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New Product IntroductionsBesides the products showcased at the exhibitors’ booths, a New Product Forum will give visitors a chance to preview new products, techniques and equipment. The first of its kind to be organized at PITTCON, the forum will be held on Sunday, March 4, and will be composed of over 30 presentations.
Among the technologies highlighted at the forum will be angular scattering measurements that can determine the effects of particle shape on particle size resolution, presented by Michael Trainer from Microtrac; innovative software solutions for the lab, discussed by Steve Bolton from Labtronics; Silcosteel Enhancements for Analytical Sampling and Measurement, presented by William Gittler and Ann Pennino, Praxair Specialty Gases and Equipment; and new balance technology, discussed by George Deziel from A&D Weighing.
Additionally, Daniela Stroe from Anter will present a discussion on high speed thermal properties testing for the laboratory; Claus Linseis from Linseis, Inc. will introduce the idea of dynamic mechanical analysis (DMA) by means of fast Fourier transformation (FFT); Cliff McKeown from Instruments for Research and Industry will talk about on/off temperature control versus PID temperature control; and Doug Baer from Informed Diagnostics will discuss ultra-sensitive gas measurement systems based on cavity ringdown spectroscopy. Other presentations will cover topics ranging from new spectrometers to new laser-light scattering technology to plant quality control instrumentation.
Technical SessionsThose wishing to obtain more in-depth information about new developments in the scientific community will almost undoubtedly find their topic of interest headlining one of the presentations at the technical sessions.
For instance, it has become clear over the years that scientific instrumentation has been the engine that drives new scientific developments. Yet, to many, the development, study and improvement of scientific instrumentation seems to be little more than tinkering, an effort hardly worthy of study and not deserving the recognition of being regarded as a field of scholarly investigation. A symposium titled “Instrumentation—The Enabling Science” has been organized to answer this challenge. Top scientists in the field of analytical chemistry will not only detail their own successes in instrumentation and measurement development, but also will provide a philosophical framework for the science of instrumentation and measurements. Nanotechnology, Fourier transform mass spectrometry, array detectors and mass spectrometry will be just some of the techniques discussed in this session.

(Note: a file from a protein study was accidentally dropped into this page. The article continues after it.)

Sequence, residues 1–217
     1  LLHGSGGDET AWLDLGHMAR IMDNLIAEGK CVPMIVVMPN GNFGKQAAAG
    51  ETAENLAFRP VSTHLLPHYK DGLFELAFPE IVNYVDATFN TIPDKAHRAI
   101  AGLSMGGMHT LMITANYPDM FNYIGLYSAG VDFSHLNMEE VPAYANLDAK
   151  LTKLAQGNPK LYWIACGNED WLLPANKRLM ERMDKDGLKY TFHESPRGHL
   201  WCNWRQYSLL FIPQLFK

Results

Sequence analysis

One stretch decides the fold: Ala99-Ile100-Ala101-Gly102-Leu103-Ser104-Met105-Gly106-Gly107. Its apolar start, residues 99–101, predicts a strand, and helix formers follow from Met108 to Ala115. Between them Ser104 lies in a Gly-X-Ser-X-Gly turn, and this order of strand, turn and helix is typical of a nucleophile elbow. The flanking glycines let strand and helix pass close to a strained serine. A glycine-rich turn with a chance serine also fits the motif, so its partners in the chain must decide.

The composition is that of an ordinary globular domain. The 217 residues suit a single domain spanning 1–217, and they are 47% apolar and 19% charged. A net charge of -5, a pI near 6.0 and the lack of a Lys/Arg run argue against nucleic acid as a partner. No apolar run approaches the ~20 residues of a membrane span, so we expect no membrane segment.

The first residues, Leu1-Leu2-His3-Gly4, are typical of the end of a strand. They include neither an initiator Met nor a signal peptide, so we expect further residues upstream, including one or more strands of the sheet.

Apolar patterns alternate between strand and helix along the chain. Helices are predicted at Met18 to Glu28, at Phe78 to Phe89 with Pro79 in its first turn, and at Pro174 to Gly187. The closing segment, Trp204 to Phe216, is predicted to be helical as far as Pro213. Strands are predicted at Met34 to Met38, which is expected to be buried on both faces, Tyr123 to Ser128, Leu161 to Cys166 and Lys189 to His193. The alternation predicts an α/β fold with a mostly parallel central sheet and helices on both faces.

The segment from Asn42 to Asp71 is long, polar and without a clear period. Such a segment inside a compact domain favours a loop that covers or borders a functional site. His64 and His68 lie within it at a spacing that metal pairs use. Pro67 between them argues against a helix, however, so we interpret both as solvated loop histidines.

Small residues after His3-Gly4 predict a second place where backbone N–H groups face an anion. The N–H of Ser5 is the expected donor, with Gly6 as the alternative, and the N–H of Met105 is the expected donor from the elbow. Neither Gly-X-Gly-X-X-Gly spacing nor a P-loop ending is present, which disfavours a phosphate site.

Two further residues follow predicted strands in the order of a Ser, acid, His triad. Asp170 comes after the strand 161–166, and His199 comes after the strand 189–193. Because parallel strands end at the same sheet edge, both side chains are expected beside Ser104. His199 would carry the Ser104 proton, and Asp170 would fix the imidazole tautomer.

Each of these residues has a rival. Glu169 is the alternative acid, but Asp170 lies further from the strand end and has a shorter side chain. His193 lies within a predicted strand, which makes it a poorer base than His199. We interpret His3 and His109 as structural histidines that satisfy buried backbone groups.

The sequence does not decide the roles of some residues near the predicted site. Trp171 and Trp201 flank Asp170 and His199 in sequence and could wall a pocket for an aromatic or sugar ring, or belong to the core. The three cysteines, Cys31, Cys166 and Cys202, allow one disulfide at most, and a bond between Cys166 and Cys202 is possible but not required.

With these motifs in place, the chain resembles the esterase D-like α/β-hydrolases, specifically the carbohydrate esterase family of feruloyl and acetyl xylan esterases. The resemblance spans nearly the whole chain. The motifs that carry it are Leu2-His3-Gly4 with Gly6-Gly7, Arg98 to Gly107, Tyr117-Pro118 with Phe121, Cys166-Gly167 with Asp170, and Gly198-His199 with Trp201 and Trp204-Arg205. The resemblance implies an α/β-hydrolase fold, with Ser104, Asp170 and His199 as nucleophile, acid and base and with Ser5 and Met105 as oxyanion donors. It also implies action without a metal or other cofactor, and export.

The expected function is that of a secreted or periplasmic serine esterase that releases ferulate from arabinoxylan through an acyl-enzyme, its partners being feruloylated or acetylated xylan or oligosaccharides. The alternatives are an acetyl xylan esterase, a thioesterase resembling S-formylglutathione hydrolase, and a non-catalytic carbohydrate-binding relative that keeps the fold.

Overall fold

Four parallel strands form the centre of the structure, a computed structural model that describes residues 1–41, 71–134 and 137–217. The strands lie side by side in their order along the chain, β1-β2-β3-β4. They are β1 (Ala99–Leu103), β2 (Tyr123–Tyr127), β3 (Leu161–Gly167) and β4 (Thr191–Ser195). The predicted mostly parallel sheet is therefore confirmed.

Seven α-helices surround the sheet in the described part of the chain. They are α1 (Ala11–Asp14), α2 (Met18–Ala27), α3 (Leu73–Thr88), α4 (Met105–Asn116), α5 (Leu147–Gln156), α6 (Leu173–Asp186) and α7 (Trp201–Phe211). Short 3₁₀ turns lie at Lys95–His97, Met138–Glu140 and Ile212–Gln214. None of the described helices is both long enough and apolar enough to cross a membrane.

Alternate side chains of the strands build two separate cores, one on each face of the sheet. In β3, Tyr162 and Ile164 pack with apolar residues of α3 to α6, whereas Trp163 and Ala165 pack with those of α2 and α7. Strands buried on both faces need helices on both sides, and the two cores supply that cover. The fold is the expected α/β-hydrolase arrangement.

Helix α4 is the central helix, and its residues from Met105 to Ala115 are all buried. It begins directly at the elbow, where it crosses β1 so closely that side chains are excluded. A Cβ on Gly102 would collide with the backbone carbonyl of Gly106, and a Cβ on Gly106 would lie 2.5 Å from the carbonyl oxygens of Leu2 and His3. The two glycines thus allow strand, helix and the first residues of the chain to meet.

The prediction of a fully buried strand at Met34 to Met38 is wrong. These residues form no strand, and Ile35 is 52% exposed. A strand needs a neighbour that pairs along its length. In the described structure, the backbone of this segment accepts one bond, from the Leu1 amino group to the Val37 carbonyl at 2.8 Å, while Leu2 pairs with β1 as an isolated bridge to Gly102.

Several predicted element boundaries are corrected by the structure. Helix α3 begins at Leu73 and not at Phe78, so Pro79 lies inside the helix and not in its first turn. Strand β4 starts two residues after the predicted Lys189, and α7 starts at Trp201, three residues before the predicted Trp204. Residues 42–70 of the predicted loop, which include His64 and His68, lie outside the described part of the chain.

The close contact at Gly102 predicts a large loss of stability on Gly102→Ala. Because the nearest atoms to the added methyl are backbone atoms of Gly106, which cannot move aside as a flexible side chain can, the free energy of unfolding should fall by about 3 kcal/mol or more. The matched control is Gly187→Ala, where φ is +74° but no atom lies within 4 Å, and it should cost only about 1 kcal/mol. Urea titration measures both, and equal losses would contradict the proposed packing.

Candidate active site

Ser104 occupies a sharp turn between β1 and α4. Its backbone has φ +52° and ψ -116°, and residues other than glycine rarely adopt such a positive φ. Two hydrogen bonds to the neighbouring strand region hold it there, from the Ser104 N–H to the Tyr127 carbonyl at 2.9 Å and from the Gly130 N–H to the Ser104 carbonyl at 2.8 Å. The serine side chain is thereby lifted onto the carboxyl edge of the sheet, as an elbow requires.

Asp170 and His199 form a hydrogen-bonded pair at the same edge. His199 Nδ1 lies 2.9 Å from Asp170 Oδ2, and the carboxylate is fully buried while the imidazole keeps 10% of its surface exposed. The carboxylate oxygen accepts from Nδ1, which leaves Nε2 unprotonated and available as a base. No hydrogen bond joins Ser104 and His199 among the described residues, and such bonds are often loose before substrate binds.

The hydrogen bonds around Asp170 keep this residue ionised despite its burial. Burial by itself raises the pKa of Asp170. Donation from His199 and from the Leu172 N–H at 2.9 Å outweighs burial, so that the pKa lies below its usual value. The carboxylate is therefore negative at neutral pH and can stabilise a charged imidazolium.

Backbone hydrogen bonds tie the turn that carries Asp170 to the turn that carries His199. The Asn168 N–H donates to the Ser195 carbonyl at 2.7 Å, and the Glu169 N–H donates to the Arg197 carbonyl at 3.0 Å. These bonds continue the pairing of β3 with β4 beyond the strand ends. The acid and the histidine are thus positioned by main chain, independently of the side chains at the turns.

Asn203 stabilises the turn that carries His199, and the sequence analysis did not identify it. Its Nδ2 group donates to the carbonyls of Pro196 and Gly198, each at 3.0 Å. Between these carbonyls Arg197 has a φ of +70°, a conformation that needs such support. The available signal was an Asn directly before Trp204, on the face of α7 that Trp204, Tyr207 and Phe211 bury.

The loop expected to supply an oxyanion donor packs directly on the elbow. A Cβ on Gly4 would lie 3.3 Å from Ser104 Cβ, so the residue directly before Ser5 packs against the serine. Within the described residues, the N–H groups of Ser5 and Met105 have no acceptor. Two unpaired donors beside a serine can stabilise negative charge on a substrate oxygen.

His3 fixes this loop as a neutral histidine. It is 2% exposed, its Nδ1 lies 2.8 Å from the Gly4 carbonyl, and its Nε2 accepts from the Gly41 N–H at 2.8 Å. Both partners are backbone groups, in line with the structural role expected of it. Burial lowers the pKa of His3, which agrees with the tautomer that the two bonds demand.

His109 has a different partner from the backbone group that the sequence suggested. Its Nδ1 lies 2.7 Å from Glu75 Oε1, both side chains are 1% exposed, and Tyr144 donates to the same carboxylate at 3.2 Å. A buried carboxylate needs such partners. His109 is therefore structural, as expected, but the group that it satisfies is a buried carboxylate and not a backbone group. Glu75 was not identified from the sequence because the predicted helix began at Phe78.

A symposium titled “Frontiers of Scanning Electrochemical Microscopy (SECM)” will discuss how this technology has developed into an important scanning probe method for studying surface chemistry in solution. It has been applied to biological systems, electrodes, crystals, semiconductors, membranes and a variety of other types of samples. It has also proven useful in obtaining quantitative information about surface reaction rates, such as the rate of electron transfer and dissolution reactions. Active practitioners in SECM will provide an overview of the field with views towards future developments, such as the combination of SECM with other scanning probe methods, including atomic force microscopy (AFM) and near-field scanning optical microscopy (NSOM).
“Frontiers in Infrared Spectral Imaging: From Remote Sensing to the Analytical Laboratory” will feature a discussion on high-speed infrared focal-plane array (FPA) detectors and solid-state tunable filter technology. Using this technology, it is possible to collect hundreds of thousands of spatially resolved spectra simultaneously and very rapidly. Another presentation in this session will describe how a Fourier transform spectrometer (FTS) with a two dimensional, 16,384 pixel image operating in the 3 to 5 micrometer region was developed using new FPA technology. Measured data have been remotely collected from various laboratory scenes and sources to demonstrate and evaluate the performance of this very sensitive and powerful spectral imager.
“Direct Analysis of Solid Samples Using Electrothermal Atomization and Vaporization Techniques in AAS and ICP-MS” will discuss the use of inductively coupled plasma mass spectrometry (ICP-MS) and electrothermal atomic absorption spectrometry (ETAAS) to measure solids, such as high-tech ceramics for superconductors, etc., that are produced from high-purity metal oxides, nitrides, carbides, borides and/or high-purity refractory metals such as molybdenum, tantalum, tungsten or zirconium. Even ultra-traces of alkali, alkaline earth and some transition metals can influence the properties of these superconductors dramatically. In the past, bringing these samples into the solution required for measurement was not only very time consuming, it also impaired the detection limits of even the most sensitive solution techniques (due to increased reagent blank values) to an extent that they could no longer meet their requirements. Both ETAAS and electrothermal vaporization (ETV) coupled to ICP-MS are extremely promising techniques for this kind of application.
Other papers will discuss analytical tools for high throughput chemical analysis, developments in the solid state nuclear magnetic resonance (NMR) characterization of materials, sample preparation for on-site analysis, and a variety of other topics.